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July 13, 2016

Bad For You: Two Bimbo snacks

Bad For You Snacks
Carroll - Blad For You Bimbo Thom Carroll/PhillyVoice

Bimbo's Rebanadas and Bimbuñuelos.

With so many cultures weaving through the fabric of this city, Philly is a fine place to be a snack aficionado.

  • Rebanadas / Bimbuñuelos
  • Price: $1.69 / $1.99
  • Available at: El Soto (15th and Tasker) or anywhere Mexican snacks are sold
  • Through: Permanent

In my South Philly neighborhood, the best in international food (junk and otherwise) is right outside my door, from Vietnamese bánh mì and French breads to authentic Italian baked goods and Indonesian fish — and it's all within a couple blocks’ radius.

One of my favorite spots is El Soto, a terrific Mexican sandwich shop at 15th and Tasker. Everything I’ve had off their menu so far has been a delight, with the Cubano, in particular, being a big hit at my home. The tortas are stacked to the brim with fresh-cut meats, and on the weekends, they serve their fantastic homemade tamales.

On a recent visit, I was cruising for new treats when a display of various snacks from Bimbo caught my eye.

Headquartered in Mexico, Grupo Bimbo is now the largest baking company in the world, having purchased other top snack brands like Sara Lee, Thomas’ English Muffins, Entenmann’s and many more. Bimbo also has a large line of snacks under its own label, and its U.S. headquarters are nearby in Horsham. You may have seen Bimbo’s logo plastered on the front of Philadelphia Union jerseys.

Somehow, I had never eaten these Mexican goodies. Was this a whole new scrumptious world of junk food that I had yet to untap? I grabbed two different products — Rebanadas and Bimbuñuelos — to find out.

Thom Carroll/PhillyVoice

Bimbo's crispy wheel Bimbuñuelos'

Looking at the package of Bimbuñuelos, I pictured these “crispy wheels” to be made of puffed oats, not unlike the parts of Lucky Charms that aren’t the marshmallows. However, I was mistaken. Bimbuñuelos are actually made from pieces of fried dough with a texture similar to cheap fried Chinese restaurant noodles. Sprinkled all over are thick granules of extra-sweet sugar.

Immediately, the crunch makes a big impact. (These are slightly messy; eat them over a plate or trash can.) The impact of the dough’s crispiness is soon diffused with the sugar covering, quickly melting and coating your mouth with pleasantness. While obviously patterned after a churro, Bimbuñuelos are not as good. Still, they are a solid quick-fix treat if you are in a churro-less area.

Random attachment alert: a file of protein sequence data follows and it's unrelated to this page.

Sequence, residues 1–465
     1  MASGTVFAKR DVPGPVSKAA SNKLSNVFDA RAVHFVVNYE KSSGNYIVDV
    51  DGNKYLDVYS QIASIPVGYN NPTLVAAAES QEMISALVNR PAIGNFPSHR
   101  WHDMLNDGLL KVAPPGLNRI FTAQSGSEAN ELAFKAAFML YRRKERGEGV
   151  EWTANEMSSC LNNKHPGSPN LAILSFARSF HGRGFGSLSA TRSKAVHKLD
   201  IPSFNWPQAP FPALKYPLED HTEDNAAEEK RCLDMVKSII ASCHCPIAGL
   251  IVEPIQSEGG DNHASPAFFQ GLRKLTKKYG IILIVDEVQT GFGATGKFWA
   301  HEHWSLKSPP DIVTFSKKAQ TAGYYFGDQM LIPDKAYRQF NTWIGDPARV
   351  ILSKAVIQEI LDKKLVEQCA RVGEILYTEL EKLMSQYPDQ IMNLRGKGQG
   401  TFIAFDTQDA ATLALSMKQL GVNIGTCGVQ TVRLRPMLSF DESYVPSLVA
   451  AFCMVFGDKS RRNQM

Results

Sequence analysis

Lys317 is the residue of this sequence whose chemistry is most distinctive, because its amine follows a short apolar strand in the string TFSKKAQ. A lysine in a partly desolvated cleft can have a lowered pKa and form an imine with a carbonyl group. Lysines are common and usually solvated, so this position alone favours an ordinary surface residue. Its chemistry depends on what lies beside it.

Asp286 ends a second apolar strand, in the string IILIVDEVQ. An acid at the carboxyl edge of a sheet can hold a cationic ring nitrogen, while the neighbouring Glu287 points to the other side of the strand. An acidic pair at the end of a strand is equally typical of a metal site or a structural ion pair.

The main event was the Rebanadas, which is what originally got my attention in the grocery aisle. Spanish for “slices,” this is a sandwich made from frosted toast and a large smattering of cream. No doubt it is a unique situation for a packaged snack food, but the experiment paid off.

Thom Carroll/PhillyVoice

Bimbo's frosted creme toast Rebanadas.

As with many sandwiches, you only need one bite to be reminded of why crusts are the weakest part of the sandwich. But after that brief flash of too-crunchy dryness, your taste buds hit the inside spread, which is simply exquisite. There are slight undertones of strawberry, but it’s mostly a vanilla cream taste crescendo. This is the sort of deliciousness I always imagined Powdered Toast Man would taste like. Just an all-around wonderful snack.

Since both items are reminiscent of cereals, I decided to try them with milk. (Even though I actually prefer my cereal dry with a glass of milk on the side. I don’t like it soggy. I AIN’T SORRY.) Frankly, neither one benefits from a milk bath. With the Bimbuñuelos, the sugar coat gets splashed away easily, leaving just a piece of bare dough. The Rebanadas already has a dairy element with the cream, so the milk just dulls that intricate balance. Plus, the crunch is a massive part of the appeal, and the milk robs you of that experience completely.

Verdict: I give Bimbuñuelos two-and-a-half Rey Mysterios out of a possible five. I give Rebanadas a record four-and-a-half Mysterios.

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